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Thursday, 6 May 1915


Senator RUSSELL (Honorary Minister) . - The information to which Senator Buzacott referred was received about five minutes after the opening of

Parliament to-day. The reply which has been sent to his question is as follows: -

I have to advise that inquiries have been made into tho above matters, and, excepting us fur as may have been necessary and usual in economic working, there has been no avoidable delay in transporting any material along the line for the construction, works.

That is signed by the Engineer-in-Chief for Railways.

Senator Lt.-Colonel Sir ALBERTGOULD (New South Wales) [6.12]. - This afternoon I asked a question with regard to the supplies of sugar in the Commonwealth. It might be as well if I said a few words now to make tho position clear. I asked whether the Minister representing the Minister of Trade and Customs was aware that ithad been pointed out by the chairman of the Colonial Sugar Refining Company that the quantity of sugar available for consumption in the Commonwealth would be exhausted by the end of July. He not only made that statement in his address at the half-yearly meeting of the company, but he took tho trouble to communicate, I think twice, with the Premier of New South Wales, and also with the Premier of Victoria, pointing out the urgency of the matter. It appears that, under action taken by the State Governments recently, there has been a fixing of the price of sugar, amongst other commodities. The price fixed is considerably less than the market price paid for sugar outside the Commonwealth. When there has been a shortage in the supply of sugar in the Commonwealth in the past, the course adopted has been to import raw sugar, and have it refined in Australia, and then placed upon the market at the market rate, whatever it might be. It would appear that in the fixing of prices in connexion with commodities, the basis adopted has been the available supply of those commodities in the Commonwealth. There is a marked reduction of the normal supply of sugar in the Commonwealth at the present time, due to recent dry seasons in Queensland and northern New South Wales, where our cane sugar is grown. It is stated that it will be impossible to supply the amount of sugar that will bo required for consumption in Australia by importing raw sugar, without incurring a very serious loss, estimated at about £7 per ton, if the present low price be maintained. This is a loss the Colonial Sugar Refining Company is not prepared to face. It might be urged that this is a matter for the consideration primarily of the Boards which have been established to fix the prices for necessary commodities in Australia. That is one reason why it might be regarded as primarily a State matter; but it should be borne in mind that the Commonwealth Parliament also has power to deal with the question. We have imposed duties upon raw and refined sugars imported into Australia. In view of the fiscal policy we have adopted, the duties are, no doubt, reasonable when wo can produce sufficient for our local consumption. We are now, however, faced with a time of scarcity, and it is up to the Commonwealth Parliament to see whether it is not possible to devise some means to meet the difficulty which has arisen. It is unreasonable to expect people to import sugar and refine it hero if they are to be restricted to prices far below the ordinary market rates for sugar outside the Commonwealth. An important phase of the question is its probable effect upon the employment of our people. In a paragraph appearing in to-day's Argus it is explained that the authorities of the Colonial Sugar Refining Company urgently desire to know what the intention of the Government may be in this matter, as otherwise they may be compelled to dismiss a large number of the people they have working for them at the present moment.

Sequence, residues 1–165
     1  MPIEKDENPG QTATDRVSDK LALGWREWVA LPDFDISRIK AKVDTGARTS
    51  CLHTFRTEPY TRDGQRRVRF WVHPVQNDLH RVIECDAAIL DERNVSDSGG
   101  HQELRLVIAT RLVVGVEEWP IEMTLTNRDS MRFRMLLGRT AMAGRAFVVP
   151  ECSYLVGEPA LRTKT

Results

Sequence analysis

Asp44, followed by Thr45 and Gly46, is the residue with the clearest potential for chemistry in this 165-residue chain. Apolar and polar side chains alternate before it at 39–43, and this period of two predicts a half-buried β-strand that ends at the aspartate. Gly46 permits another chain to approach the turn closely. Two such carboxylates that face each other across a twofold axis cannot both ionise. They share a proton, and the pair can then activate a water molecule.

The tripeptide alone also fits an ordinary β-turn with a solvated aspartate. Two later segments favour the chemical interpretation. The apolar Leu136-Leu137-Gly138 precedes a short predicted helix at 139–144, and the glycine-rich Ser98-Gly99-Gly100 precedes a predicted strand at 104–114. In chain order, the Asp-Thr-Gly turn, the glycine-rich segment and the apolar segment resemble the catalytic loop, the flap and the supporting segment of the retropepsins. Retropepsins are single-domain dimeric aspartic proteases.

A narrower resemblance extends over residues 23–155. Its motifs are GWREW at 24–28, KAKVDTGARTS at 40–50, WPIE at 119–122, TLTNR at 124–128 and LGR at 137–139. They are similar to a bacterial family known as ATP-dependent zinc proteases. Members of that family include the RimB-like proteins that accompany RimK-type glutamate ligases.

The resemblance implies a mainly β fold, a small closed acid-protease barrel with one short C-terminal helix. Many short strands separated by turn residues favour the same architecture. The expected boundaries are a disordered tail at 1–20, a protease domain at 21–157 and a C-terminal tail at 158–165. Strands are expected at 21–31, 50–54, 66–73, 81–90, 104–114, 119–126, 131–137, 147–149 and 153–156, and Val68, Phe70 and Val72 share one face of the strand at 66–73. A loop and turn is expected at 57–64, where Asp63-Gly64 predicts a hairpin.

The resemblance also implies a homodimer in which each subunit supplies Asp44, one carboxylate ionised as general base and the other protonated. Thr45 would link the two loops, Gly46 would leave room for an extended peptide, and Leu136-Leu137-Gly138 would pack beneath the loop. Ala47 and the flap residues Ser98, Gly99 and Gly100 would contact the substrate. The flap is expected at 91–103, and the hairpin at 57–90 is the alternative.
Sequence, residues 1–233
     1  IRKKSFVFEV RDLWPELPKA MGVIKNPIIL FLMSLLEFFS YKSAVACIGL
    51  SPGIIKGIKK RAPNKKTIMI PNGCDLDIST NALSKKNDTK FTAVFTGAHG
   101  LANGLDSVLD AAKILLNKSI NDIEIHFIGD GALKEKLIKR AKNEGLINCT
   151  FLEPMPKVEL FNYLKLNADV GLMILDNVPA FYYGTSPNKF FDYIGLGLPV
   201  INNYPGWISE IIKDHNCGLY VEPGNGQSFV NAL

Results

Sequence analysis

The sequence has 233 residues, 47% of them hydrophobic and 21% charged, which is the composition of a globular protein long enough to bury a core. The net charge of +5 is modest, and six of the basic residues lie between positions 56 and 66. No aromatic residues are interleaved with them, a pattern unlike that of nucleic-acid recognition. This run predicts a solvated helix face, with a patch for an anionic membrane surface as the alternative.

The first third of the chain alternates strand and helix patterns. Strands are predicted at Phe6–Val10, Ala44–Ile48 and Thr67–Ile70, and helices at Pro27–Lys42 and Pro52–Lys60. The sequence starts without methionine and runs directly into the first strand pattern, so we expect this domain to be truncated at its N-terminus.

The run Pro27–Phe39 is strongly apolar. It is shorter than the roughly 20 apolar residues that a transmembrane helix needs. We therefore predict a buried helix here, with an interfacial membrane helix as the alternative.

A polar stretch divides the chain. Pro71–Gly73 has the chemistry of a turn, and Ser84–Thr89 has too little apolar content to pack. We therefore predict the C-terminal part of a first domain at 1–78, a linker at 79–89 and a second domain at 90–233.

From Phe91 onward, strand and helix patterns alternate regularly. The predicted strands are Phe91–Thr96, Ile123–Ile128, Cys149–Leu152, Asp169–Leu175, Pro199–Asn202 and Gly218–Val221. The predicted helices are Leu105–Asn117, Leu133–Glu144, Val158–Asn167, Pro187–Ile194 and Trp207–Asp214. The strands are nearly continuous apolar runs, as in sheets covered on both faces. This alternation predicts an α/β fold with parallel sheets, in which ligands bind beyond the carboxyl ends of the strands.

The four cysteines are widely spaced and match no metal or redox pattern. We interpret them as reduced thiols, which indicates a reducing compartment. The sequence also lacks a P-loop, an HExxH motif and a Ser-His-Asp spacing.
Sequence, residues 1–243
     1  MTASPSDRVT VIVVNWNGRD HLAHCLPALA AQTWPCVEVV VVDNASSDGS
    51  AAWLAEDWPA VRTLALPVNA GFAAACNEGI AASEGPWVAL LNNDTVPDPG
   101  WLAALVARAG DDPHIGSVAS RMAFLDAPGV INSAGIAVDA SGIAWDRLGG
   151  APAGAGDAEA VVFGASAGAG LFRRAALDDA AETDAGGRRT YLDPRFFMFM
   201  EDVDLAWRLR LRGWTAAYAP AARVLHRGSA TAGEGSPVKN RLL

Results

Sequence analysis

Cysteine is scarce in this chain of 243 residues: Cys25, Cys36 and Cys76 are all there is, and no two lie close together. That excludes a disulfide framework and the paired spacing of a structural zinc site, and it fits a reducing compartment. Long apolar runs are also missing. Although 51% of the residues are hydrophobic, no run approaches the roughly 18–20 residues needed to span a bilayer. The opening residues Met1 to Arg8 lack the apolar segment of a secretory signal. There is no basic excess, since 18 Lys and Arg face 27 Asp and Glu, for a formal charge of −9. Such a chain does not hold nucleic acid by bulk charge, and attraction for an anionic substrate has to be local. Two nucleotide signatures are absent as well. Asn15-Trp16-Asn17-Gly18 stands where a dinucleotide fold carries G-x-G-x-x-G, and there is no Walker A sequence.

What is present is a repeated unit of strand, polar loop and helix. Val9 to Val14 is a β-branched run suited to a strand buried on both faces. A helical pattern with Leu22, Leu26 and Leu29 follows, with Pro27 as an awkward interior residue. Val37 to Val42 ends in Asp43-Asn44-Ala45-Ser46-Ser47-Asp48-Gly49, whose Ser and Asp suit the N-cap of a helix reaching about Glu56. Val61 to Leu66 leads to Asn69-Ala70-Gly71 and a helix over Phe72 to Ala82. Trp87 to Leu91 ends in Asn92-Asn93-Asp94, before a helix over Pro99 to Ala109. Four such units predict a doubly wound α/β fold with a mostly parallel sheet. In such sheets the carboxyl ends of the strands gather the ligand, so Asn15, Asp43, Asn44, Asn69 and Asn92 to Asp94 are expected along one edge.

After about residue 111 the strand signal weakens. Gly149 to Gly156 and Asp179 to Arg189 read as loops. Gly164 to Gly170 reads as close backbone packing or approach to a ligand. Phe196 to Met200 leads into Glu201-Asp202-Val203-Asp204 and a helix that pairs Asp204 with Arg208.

Senator Pearce - What is the honorable senator's estimate of the probable shortage ?


Senator Lt Colonel Sir ALBERT GOULD - I can only say that it is estimated that the available supply in the Commonwealth will be exhausted at the end of July. There will be a very small crop of sugar cane from Queensland and the northern part of New South Wales, in consequence of the dry season experienced there. The fixing of prices is a tempting subject for discussion. We know that there have been great complaints about the fixing of the price of wheat, and there is talk of the importation of wheat to supply local requirements in some of the States. I may have more to say on this subject upon another occasion. The question of the price of sugar is at present most urgent, and it is time that something was done- to discover a means to tide us over the difficulty. Whether it can be best met by a remission of the import duties or by the exorcise of influence with the State Governments to induce them to take action calculated to supply their people with sufficient of this commodity at a reasonable rate, I shall not now decide. I have mentioned the matter that the Minister might know more clearly the object I had in putting my question to him this afternoon, and that the Government might have time to consider the best course to follow in the circumstances.







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